That’s what Sister Helen asked.
Susan and I were watching a documentary called “Sister.”
SISTER is a one-hour documentary highlighting the work of death penalty abolitionist Sister Helen Prejean. The film examines the life and influences of Sister Helen and delves into the evolving role of Catholic nuns in America. This poignant piece follows Sister Helen (best selling author of Dead Man Walking) as she counsels and fights for the stay of execution of Oklahoma death row inmate Richard Glossip.
Sister Helen Prejean grew up in the Jim Crow South, joined the Sisters of St. Joseph at the age of 17, and emerged to become the leading voice against the death penalty in the USA.
Sister Helen’s awareness of social justice came even later, when she attended a talk by an activist nun who noted that Jesus’ message about the poor is that they be poor no longer. That their fate was not God’s will, and that just praying for people was not enough. Social justice, the nun said, meant being involved in political processes, because doing nothing was tacit support for the status quo.
What stung the most, Sister Helen said, “was the realization of how passive I had been.” A year later, she moved into Hope House, a Catholic service ministry in a New Orleans housing project. She was 42 years old. And a year after that, she would begin writing to a death row inmate.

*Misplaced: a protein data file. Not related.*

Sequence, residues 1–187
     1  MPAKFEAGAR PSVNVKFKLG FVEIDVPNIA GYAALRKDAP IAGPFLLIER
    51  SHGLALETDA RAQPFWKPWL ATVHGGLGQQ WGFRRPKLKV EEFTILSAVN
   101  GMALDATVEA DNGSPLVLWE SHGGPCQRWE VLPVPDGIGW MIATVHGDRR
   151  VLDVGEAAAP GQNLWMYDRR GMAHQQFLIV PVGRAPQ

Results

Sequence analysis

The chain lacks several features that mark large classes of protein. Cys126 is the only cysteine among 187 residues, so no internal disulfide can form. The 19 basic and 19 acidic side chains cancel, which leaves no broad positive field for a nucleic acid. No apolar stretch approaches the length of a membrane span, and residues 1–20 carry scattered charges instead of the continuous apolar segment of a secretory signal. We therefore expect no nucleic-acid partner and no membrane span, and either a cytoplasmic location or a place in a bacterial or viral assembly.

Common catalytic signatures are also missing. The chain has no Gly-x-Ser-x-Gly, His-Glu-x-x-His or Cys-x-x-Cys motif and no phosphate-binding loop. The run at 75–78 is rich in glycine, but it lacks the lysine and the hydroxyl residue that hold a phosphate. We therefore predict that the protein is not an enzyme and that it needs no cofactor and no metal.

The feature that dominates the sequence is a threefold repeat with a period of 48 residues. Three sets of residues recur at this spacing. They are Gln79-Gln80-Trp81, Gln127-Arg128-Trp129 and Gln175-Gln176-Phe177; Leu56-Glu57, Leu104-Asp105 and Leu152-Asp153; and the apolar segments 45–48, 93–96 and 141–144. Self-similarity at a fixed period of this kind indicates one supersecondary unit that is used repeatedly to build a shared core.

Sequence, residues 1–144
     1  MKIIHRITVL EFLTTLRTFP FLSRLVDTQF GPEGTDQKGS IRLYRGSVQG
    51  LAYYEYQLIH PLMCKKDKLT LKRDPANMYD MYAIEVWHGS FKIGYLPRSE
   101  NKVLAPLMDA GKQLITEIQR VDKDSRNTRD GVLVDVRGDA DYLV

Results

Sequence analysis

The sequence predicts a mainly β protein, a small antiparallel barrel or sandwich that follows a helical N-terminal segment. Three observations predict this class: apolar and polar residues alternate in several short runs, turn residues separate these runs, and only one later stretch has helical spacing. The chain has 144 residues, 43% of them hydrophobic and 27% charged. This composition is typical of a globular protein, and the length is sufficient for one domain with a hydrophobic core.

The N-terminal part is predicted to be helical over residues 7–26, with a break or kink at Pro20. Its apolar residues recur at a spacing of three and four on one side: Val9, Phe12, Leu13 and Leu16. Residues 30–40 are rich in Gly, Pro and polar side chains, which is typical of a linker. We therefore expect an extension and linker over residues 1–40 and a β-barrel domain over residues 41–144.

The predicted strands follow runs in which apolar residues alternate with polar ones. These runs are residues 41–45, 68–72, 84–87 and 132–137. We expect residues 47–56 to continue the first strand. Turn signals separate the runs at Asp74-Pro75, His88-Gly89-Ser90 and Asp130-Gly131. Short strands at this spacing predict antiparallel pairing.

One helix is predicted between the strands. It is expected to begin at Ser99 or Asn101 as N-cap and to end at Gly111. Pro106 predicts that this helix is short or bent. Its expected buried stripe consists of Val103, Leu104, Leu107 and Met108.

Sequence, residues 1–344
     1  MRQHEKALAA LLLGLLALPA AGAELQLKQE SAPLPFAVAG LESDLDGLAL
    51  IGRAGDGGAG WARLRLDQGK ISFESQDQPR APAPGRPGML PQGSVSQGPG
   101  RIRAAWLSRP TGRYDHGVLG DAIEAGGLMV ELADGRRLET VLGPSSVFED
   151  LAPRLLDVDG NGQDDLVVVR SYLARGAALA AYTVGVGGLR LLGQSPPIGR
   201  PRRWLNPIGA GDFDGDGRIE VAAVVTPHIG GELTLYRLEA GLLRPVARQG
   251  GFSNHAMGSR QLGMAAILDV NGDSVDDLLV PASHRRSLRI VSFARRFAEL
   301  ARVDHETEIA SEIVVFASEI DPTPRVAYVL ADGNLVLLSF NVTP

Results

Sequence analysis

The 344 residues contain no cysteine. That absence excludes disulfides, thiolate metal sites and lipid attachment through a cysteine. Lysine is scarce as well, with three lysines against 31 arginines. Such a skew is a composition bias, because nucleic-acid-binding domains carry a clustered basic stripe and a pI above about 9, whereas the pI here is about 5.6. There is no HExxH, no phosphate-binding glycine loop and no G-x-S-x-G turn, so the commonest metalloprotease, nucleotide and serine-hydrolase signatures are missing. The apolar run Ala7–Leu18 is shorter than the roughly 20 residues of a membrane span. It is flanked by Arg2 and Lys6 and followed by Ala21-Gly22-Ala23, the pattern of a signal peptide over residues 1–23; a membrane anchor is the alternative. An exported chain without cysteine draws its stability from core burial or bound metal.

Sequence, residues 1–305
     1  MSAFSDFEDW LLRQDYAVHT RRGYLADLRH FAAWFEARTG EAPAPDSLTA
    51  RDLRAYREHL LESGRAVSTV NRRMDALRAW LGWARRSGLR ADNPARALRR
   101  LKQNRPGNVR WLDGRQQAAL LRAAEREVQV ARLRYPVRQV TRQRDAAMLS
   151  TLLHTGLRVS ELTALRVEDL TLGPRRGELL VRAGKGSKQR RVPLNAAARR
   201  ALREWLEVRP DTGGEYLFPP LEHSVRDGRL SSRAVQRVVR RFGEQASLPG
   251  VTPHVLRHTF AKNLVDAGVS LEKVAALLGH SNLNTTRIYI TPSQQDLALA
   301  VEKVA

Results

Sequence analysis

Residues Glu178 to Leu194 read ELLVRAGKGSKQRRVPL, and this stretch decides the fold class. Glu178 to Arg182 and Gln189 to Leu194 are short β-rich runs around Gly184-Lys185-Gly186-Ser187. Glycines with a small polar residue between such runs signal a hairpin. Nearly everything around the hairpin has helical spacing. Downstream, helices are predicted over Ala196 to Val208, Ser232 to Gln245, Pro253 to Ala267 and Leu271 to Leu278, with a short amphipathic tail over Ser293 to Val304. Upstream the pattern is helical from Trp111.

“There’s this thing of how you discern God’s will in your life,” Sister Helen said.
Sister Helen’s latest memoir “River Of Fire” came out in paperback in 2019.
“When you accompany someone to the execution, as I have done three times as a spiritual advisor, everything becomes very crystallized, distilled, and stripped to the essentials. You are in this building in the middle of the night, and all these people are organized to kill this man. And the gospel comes to you as it never has before: Are you for compassion, or are you for violence? Are you for mercy, or are you for vengeance? Are you for love, or are you for hate? Are you for life, or are you for death?“
All of this got me thinking about purpose–my life’s purpose.
I do believe I am making the world a better place with beautiful photography.
But after watching this documentary I wondered what else am I doing to be more like Jesus?
There is my volunteer work with 3rd and 4th graders. Unfortunately this came to and end with the beginning of the quarantine one year ago. Note the date on the above school photo. March 4. One year ago today. You can read about the impact Susan and I had on these children here: https://brucebarone.com/2017/09/26/what-a-wonderful-world/
We pray we can continue with this work again someday soon.
Beauty. Children. Community. Working to make the world a better place.